“Bonding and attachment is an ongoing process. It can start anytime and it must be nurtured,” said Dr. Roselyne M. Balita, a pediatrician and founder of the Little Lamb’s Pediatric Wellness Place during her talk at SmartParenting.com.ph's "The First Year of Life Workshop," held at Discovery Suites Ortigas. “One of the easiest and fastest way to nurture and show our love to our babies is through infant massage.”
If you’re a newbie massager to your little one, here are a few important things to remember:
1. Be mindful of what you’re doing. Take care not to just rub your baby mechanically or even sloppily. Infant massage is very beneficial, and you only get to take full advantage of it when you immerse yourself in the activity.
“The most important thing about baby massage is the interaction -- you get to strengthen your bond and relationship with your baby,” said Dr. Roselyne. Remember to talk to your baby and look into his eyes from time to time when you’re massaging him.
Aside from the benefits of interaction, infant massage can also stimulate your baby’s senses and provide relaxation for you and your baby, she added. Research shows that massaging also releases happy hormones called oxytocin, said Dr. Roselyne. And we all want happy babies, right?
2. Prep your baby. Before starting a massage, Dr. Roselyne recommends waiting 30 to 45 minutes after feeding for breastfed babies; for formula fed babies, it’s at least an hour.
Make sure he’s not cranky or irritable, too. The best time is when he’s quiet and engaged. “A soothing touch at the back or a light tapping at the buttocks will initially prepare the baby for it.” This is best done after you’ve calmed your baby down, if he was crying beforehand.
3. Do 'CLAS' before the massage. Once you’ve laid your baby down, do the CLAS steps -- Contact, Look, Ask and Swoosh. Make contact with your baby by looking him in the eyes. Then, ask permission if you can massage him and rub your hands with oil near his ears, which will produce “swooshing” sounds. (You can see a short demo on our Facebook page here.)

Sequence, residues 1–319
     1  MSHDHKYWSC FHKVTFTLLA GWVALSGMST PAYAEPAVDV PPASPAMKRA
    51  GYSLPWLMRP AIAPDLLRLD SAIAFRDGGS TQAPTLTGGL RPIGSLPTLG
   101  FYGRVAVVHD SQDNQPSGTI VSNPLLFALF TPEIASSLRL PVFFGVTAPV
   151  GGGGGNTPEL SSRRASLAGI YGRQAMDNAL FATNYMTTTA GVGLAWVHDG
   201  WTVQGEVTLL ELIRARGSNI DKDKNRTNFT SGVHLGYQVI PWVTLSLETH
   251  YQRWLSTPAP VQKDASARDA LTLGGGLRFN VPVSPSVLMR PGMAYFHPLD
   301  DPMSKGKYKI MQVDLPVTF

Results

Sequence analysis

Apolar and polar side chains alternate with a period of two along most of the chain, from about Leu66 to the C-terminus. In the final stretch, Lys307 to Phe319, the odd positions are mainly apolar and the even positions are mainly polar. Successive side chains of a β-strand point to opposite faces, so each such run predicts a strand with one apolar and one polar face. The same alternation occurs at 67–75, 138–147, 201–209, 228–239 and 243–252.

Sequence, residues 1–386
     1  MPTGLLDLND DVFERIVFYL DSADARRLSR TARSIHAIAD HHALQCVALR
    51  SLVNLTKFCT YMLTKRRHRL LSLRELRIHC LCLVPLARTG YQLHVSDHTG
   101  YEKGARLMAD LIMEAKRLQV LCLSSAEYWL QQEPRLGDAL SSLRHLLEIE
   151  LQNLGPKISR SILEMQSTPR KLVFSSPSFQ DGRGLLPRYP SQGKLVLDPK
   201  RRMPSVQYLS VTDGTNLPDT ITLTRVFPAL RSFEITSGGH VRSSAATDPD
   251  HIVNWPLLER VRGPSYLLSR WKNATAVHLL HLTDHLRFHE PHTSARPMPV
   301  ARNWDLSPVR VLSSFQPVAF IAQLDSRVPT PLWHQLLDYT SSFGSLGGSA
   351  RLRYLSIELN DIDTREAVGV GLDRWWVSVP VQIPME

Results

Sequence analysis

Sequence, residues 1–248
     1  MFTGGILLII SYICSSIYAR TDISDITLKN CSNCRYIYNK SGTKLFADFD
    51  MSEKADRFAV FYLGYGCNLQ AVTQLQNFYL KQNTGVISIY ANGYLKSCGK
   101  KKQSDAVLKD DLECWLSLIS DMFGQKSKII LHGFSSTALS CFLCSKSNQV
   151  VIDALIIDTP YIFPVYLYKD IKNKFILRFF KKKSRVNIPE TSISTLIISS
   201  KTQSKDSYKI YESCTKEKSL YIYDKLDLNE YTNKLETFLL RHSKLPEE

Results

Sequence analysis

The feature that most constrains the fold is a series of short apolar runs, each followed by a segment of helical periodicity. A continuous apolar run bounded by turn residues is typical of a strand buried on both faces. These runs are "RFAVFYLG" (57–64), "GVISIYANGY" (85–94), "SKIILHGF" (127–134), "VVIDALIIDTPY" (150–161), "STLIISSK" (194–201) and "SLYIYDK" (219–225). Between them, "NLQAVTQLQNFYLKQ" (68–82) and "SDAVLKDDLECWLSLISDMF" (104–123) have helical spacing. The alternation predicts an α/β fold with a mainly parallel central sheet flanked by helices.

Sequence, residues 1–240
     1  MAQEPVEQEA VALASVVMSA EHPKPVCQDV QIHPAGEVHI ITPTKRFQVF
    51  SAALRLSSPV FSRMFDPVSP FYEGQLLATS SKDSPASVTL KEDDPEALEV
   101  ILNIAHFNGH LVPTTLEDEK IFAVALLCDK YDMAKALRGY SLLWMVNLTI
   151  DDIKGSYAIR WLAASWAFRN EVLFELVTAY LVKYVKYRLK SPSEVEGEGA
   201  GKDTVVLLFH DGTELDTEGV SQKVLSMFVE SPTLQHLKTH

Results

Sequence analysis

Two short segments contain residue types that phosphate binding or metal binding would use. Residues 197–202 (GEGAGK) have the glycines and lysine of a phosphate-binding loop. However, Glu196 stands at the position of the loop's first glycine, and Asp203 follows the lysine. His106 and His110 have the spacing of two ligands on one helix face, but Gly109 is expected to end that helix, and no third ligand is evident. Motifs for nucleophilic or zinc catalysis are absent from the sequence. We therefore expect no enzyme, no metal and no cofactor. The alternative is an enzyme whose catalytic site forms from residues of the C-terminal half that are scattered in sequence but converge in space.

This may sound strange, but do this every time before you massage him and your baby will become familiar with the cues. Once the cue is established, it will let you know if your baby is up for a massage or isn’t feeling like it. “You can ask ‘Can I give you a massage?’, ‘Can I touch you?’ or ‘Can I start with your tummy?” said Dr. Roselyne. Don’t forget to swoosh afterwards.
4. Be picky with the oil you use. Avoid mineral oil and go for edible oil as much as possible. Mineral oil can get hot especially when you use it for massage where there’s a lot of friction, says Dr. Roselyne. Plus, with edible oil, there’s no danger of your baby ingesting toxins when he puts his fingers or toes in his mouth. Dr. Roselyne suggests grapeseed oil, sunflower oil and virgin coconut oil (VCO). “Not peanut oil, kasi baka may naga-allergy. The safest is VCO.” She does not recommend aceite de manzanilla as it can burn your baby’s sensitive skin.
5. Start with the farthest area first. Areas to start massaging are the legs and feet, back and hands. “Farthest areas first until they are comfortable with you, and they trust you enough to touch their more sensitive parts of the skin as you move central to the body,” said Dr. Roselyne. “Be gentle lalo na sa face as they can see your fingers and hands very close to them. As young as they are they can feel ‘invasion’ and can sense ‘danger’.”